Because they're only the second-most popular and second-most talented team in their city and arguably the least popular and second-most talented team in their division, the Los Angeles Chargers continue to fly under the radar.
But the Super Bowl-contending Bolts look like the real deal, and it starts with Philip Rivers.
Of course, because it's 2018, it almost always starts at quarterback. If you've got a good one, you usually have a chance.
The Chargers have a great one, and he's playing the best football of his Hall of Fame-caliber career.
That alone gives the Bolts a shot as at least a second-tier Super Bowl contender. But when you consider the talent that surrounds Rivers, you're liable to wonder why the Chargers aren't emerging as one of the favorites.
Five teams had significantly better Super Bowl odds entering Sunday's games, and the Chicago Bears also had stronger championship odds despite a considerable lack of experience with a second-year quarterback and a first-year head coach.
Is it that nobody trusts a team that has a reputation for shooting itself in the foot? If so, maybe Sunday's dominant victory over the Arizona Cardinals will help.
Nobody expected the Chargers to lose to Arizona, but it was fair to fear a crash after they dropped to 7-3 with a disheartening Week 11 home loss to the inferior Denver Broncos. That marked the first time this season Los Angeles lost a game it was supposed to win.
Facing that adversity Sunday against Arizona, with defenders Denzel Perryman and Corey Liuget now on injured reserve and likely Pro Bowl running back Melvin Gordon hurting, the Chargers came back from a 10-0 first-quarter deficit to demolish the Cards 45-10.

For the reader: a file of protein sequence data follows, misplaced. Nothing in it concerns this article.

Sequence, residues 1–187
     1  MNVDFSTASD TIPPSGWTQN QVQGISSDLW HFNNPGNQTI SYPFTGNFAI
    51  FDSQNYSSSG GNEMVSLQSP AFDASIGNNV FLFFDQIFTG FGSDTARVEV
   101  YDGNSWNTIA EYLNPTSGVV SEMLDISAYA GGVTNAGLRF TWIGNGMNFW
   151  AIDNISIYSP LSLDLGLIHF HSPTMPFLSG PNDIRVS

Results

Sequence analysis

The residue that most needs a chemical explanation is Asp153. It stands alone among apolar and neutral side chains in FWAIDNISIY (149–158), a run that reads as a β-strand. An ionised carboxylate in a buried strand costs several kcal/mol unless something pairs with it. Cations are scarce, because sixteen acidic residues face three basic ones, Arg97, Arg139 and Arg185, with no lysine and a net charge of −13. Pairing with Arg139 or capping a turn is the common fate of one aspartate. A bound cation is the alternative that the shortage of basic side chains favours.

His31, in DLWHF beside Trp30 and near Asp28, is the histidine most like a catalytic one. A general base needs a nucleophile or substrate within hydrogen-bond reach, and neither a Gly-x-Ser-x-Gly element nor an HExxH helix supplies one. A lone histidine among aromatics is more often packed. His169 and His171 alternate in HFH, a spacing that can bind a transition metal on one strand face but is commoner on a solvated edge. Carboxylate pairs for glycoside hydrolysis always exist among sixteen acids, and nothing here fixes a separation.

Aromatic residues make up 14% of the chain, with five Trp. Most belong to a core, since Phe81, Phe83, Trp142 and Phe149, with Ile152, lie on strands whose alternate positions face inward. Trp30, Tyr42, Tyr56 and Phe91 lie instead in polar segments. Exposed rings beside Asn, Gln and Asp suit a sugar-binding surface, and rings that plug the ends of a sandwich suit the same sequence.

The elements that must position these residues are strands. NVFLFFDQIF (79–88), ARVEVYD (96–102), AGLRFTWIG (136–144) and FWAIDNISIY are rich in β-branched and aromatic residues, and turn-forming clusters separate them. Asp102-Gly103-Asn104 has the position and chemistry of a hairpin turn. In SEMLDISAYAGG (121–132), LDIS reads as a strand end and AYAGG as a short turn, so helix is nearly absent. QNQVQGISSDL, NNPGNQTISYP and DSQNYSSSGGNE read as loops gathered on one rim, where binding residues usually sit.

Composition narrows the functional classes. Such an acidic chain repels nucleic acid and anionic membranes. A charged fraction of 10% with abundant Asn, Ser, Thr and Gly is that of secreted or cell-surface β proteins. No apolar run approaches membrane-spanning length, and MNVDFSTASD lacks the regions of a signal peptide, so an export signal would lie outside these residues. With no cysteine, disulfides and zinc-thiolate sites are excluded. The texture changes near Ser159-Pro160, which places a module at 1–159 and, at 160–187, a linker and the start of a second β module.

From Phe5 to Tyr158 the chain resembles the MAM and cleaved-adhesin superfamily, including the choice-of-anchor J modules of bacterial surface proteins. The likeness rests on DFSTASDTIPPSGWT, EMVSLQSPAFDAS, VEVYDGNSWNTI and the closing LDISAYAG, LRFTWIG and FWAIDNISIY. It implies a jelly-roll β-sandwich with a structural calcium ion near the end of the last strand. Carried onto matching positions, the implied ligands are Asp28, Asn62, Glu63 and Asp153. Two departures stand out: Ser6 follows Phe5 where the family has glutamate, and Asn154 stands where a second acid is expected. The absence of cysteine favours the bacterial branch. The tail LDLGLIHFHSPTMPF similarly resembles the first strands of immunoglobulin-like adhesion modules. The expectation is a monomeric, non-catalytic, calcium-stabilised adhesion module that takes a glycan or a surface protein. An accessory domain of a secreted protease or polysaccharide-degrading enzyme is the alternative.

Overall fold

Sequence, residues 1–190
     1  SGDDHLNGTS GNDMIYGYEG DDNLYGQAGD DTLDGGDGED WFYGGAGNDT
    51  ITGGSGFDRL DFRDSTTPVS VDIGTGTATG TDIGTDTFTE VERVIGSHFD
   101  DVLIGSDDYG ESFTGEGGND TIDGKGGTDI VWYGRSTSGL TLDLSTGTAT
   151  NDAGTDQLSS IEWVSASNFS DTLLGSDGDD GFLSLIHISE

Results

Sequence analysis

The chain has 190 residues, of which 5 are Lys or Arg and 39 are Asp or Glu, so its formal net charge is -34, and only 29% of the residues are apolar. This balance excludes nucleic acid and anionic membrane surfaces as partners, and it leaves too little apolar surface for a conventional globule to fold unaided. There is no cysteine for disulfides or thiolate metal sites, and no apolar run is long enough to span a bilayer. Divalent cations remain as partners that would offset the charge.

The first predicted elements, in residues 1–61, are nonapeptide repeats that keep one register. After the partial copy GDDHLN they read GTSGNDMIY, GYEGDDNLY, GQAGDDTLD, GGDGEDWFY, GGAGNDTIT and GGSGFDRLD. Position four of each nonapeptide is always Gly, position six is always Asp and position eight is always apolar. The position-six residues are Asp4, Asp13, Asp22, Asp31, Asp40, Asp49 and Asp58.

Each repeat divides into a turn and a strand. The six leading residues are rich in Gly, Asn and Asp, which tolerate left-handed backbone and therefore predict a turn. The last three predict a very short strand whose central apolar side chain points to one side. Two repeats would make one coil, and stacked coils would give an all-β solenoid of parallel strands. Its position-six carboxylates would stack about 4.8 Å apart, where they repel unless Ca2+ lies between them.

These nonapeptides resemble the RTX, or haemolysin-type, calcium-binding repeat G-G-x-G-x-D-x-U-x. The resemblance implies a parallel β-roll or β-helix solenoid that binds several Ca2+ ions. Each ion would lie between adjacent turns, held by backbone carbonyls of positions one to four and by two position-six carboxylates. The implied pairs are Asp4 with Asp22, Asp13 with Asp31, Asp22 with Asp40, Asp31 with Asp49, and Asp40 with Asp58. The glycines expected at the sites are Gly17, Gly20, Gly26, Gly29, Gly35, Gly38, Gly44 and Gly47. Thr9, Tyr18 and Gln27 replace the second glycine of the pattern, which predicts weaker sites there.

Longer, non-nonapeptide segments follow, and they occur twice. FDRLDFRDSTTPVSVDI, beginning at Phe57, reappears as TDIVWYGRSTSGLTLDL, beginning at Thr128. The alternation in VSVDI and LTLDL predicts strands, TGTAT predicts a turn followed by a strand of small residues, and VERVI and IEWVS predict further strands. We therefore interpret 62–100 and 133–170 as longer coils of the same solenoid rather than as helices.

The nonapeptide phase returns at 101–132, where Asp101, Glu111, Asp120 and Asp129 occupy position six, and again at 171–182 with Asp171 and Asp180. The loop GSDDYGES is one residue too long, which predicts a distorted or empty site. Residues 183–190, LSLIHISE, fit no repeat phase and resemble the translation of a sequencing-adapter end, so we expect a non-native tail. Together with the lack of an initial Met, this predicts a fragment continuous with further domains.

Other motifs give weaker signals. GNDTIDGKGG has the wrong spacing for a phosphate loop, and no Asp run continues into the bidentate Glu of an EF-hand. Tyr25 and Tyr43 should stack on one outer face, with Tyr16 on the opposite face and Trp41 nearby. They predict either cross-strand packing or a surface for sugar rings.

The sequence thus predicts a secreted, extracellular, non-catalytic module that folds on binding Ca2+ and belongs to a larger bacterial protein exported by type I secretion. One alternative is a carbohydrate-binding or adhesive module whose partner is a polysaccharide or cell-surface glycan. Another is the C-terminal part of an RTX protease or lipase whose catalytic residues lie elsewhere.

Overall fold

Rivers completed an NFL-record 25 consecutive passes to start the game and finished with the highest completion percentage in league history (96.6) among quarterbacks with more than 10 attempts. He also threw three touchdown passes in an interception-free performance.
He's just the fourth player in NFL history to complete more than 90 percent of his passes for 250-plus yards in a game, and the Chargers became the sixth team this season to win a game by 35 or more points.
Indeed, this was about more than Rivers. The Chargers outgained the Cardinals 414-149 and became the first team in the AFC this season to register 30 or more first downs on offense while surrendering 10 or fewer first downs on defense in one game. An increasingly healthy Joey Bosa had a pair of sacks and brought plenty of pressure in his second game back from injury, defensive backs young (Derwin James) and old (Casey Hayward Jr.) shined, and Gordon averaged 6.1 yards per carry while scoring twice despite dealing with hamstring and knee injuries.
It was a reminder that the Chargers are loaded—Rivers, Gordon, wide receiver Keenan Allen, pass-catching back Austin Ekeler, supporting receivers Tyrell Williams and Mike Williams, Bosa, James, Hayward and Melvin Ingram III are all rolling. Although a fresh knee injury could cost Gordon some time, Ekeler is averaging 5.8 yards per carry. They're built to survive his absence, just as they survived Bosa's for the first 10 weeks of the season.